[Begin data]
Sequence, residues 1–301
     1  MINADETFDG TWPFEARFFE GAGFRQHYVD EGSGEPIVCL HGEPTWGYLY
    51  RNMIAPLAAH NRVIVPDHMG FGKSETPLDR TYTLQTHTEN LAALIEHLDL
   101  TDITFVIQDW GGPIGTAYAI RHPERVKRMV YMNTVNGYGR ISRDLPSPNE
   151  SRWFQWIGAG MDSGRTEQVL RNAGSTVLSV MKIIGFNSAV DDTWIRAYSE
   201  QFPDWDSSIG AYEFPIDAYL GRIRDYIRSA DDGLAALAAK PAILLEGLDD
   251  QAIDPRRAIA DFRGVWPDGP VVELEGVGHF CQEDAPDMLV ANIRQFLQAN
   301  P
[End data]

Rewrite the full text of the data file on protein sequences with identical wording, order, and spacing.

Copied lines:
Sequence, residues 1–301
     1  MINADETFDG TWPFEARFFE GAGFRQHYVD EGSGEPIVCL HGEPTWGYLY
    51  RNMIAPLAAH NRVIVPDHMG FGKSETPLDR TYTLQTHTEN LAALIEHLDL
   101  TDITFVIQDW GGPIGTAYAI RHPERVKRMV YMNTVNGYGR ISRDLPSPNE
   151  SRWFQWIGAG MDSGRTEQVL RNAGSTVLSV MKIIGFNSAV DDTWIRAYSE
   201  QFPDWDSSIG AYEFPIDAYL GRIRDYIRSA DDGLAALAAK PAILLEGLDD
   251  QAIDPRRAIA DFRGVWPDGP VVELEGVGHF CQEDAPDMLV ANIRQFLQAN
   301  P